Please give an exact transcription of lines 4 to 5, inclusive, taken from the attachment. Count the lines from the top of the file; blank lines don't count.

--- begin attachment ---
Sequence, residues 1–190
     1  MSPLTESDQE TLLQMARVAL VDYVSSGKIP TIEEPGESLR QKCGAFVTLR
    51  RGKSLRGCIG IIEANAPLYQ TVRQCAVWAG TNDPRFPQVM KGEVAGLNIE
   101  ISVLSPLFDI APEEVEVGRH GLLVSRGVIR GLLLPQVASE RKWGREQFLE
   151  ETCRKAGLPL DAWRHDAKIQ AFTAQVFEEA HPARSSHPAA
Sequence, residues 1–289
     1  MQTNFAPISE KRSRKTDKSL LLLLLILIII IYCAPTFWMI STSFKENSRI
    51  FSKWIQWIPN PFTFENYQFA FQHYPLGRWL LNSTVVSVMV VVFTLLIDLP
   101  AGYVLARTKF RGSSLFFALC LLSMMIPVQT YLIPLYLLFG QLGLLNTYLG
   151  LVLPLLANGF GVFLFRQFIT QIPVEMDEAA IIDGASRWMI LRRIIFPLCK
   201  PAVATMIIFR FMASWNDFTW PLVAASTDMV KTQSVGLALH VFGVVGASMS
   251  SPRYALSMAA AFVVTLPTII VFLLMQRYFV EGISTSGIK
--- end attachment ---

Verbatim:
   101  ISVLSPLFDI APEEVEVGRH GLLVSRGVIR GLLLPQVASE RKWGREQFLE
   151  ETCRKAGLPL DAWRHDAKIQ AFTAQVFEEA HPARSSHPAA